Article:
Winter1The Write Romantics have been absolutely thrilled by the support we have received so far with the anthology and Carol Cooper, who is the Sun Newspaper’s GP and wrote the fabulous One Night at the Jacaranda, which is a finalist in the 2014 Indie Excellence Awards, has agreed to write the introduction for us. We will also be joined by the following guest writers, who span a range of genres from romance, via fantasy to thrillers and back again!

 

  • Rhoda Baxter (author of Dr January)
  • Jennie Bohnet (author of Shadows of Conflict)
  • Sharon Booth (author of soon to be released There Must Be An Angel)
  • Kerry Fisher (author of The School Gate Survival Guide)
  • Linda Huber (author of The Paradise Trees)
  • Sarah Lewis (author of soon to be released My Eighties memoir)
  • Annie Lyon (author of Not Quite Perfect)
  • Zanna Mackenzie (author of If You Only Knew)
  • Holly Martin (author of The Guest Book)
  • Alison May (author of Much Ado About Sweet Nothing)
  • Terri Nixon (author of Maid of Oaklands Manor)
  • Sarah Painter (author of The Language of Spells)
  • Liv Thomas (co-author as Isabella Connor of Beneath an Irish Sky)
  • Samantha Tongue (author of Doubting Abbey)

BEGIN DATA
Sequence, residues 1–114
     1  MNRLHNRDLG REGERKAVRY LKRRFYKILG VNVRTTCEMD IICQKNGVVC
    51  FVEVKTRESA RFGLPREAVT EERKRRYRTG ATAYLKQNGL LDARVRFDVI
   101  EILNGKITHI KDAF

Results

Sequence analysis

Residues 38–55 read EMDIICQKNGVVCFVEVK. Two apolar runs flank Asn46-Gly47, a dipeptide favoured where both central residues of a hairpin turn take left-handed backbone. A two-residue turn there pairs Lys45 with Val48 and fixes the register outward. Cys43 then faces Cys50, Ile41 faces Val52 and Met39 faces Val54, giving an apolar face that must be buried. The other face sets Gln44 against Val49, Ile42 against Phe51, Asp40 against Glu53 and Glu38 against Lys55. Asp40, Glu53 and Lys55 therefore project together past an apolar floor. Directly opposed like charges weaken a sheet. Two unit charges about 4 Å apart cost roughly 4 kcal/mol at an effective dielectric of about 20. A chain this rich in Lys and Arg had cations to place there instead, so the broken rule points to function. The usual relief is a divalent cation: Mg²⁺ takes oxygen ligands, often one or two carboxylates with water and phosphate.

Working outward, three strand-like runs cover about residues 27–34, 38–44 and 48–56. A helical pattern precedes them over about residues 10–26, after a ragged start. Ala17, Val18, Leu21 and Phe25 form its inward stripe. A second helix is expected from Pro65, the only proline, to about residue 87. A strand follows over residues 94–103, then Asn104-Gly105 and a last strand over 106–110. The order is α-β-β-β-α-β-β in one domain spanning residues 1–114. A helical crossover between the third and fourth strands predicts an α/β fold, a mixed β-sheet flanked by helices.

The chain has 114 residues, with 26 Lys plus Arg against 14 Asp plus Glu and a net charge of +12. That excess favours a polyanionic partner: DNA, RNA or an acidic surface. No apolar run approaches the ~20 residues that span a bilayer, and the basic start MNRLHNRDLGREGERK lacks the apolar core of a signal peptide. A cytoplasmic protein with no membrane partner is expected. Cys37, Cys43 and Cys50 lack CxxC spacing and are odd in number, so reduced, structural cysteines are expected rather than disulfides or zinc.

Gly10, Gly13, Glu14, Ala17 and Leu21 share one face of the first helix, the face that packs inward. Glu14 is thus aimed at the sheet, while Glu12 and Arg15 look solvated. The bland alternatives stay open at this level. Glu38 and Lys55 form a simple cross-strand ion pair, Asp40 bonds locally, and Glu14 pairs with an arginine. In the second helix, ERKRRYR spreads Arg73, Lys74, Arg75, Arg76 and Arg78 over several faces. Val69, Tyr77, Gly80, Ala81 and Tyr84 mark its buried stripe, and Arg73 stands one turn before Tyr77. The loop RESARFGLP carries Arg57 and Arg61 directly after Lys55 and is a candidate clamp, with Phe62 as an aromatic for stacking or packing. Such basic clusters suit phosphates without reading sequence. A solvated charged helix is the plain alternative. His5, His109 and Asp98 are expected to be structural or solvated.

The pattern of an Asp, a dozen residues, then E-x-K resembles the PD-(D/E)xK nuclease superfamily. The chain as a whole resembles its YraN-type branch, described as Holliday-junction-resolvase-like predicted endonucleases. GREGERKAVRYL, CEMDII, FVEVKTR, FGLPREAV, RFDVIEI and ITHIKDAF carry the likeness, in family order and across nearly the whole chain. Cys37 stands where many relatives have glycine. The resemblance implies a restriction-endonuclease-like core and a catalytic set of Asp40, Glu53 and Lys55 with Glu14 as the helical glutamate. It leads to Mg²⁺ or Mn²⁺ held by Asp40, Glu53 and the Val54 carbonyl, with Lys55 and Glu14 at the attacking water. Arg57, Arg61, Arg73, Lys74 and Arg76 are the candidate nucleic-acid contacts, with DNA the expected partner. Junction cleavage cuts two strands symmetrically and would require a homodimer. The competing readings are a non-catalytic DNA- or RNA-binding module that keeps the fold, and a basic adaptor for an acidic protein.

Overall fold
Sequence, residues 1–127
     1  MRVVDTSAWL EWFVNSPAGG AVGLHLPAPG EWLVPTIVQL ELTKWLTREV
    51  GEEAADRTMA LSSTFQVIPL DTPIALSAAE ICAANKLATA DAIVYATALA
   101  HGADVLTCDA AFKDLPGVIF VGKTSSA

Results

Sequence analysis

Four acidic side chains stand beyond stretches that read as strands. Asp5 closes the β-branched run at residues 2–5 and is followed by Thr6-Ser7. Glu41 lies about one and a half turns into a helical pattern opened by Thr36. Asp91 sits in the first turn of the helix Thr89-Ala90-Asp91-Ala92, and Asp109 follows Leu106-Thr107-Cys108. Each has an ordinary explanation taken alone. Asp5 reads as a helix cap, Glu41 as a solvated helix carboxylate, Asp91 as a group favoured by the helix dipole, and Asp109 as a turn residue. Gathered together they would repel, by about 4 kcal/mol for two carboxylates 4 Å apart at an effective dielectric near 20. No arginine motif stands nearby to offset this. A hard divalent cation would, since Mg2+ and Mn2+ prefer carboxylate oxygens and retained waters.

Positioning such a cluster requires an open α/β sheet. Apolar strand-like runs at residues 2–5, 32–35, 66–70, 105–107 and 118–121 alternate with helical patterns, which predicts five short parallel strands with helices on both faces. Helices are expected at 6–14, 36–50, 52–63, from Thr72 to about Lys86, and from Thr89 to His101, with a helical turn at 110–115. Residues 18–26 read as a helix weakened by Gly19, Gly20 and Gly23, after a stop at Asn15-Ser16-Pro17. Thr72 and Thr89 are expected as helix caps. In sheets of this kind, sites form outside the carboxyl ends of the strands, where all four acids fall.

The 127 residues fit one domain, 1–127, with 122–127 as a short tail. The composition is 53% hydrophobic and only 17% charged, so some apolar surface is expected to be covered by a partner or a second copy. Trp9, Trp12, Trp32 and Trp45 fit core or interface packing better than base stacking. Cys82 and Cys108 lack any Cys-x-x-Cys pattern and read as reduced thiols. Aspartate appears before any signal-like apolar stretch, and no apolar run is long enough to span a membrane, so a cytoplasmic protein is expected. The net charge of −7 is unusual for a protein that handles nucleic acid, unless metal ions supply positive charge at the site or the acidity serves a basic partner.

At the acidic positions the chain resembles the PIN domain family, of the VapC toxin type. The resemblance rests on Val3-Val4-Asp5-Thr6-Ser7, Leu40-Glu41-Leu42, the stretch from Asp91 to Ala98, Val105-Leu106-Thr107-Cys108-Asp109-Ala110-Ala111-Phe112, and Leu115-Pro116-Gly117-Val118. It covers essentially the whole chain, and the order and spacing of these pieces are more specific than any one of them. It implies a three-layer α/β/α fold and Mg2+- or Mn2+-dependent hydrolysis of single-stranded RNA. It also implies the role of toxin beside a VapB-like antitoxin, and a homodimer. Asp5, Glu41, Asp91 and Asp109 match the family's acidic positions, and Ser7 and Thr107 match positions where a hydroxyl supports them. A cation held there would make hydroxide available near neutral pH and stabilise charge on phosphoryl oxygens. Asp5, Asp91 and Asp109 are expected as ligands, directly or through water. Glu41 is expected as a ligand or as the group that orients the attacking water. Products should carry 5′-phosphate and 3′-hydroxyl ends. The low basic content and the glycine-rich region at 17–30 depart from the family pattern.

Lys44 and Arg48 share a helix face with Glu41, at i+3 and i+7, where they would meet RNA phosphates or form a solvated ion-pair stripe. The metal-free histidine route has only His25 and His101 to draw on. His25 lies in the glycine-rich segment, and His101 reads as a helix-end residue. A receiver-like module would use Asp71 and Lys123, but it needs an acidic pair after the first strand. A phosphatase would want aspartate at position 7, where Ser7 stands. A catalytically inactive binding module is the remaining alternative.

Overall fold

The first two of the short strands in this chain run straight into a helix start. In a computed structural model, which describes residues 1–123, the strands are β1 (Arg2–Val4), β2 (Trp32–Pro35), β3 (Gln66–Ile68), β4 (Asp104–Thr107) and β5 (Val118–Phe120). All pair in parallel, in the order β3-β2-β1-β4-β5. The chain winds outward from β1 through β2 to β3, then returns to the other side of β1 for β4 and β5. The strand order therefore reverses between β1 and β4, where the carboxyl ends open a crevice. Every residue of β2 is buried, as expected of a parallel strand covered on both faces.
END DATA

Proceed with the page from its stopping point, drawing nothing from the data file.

We also owe a huge thanks to Mark Heslington, Write Romantic Julie’s super talented husband who has shared these three great winter themed photos with us and will be producing both the cover art for the book and taking care of the type-setting.  The anthology will also be the debut release of The Write Romantic Press.

winter4We can’t thank our lovely guests enough and the anthology will also showcase the work of the nine Write Romantics with everything from short stories to flash fiction and perhaps even a bit of Pam Ayres style poetry! So how can you get involved? Well, obviously you can buy the book when it comes out, getting a great read, packed with stories from the impressive list of writers we have on board, but you can also enter our competition. The Write Romantics are looking for a name for our anthology, so we invite you to send in your suggestions to thewriteromantics@hotmail.co.uk

IMG_0671Write Romantic Jo will be co-ordinating the entries and the rest of the WRs will then judge the entries blind, with Jo retaining the Simon Cowell vote in the event of a tie! The full terms and conditions will be sent out to you on entering the contest and the prize is in two parts, the first is a £20 voucher for Amazon and the second will be a mention of your contribution in the acknowledgements section of the book. The closing date for entries is 31 August 2014.  So please start sending those ideas for a title in and look out for more announcements about the anthology coming your way soon.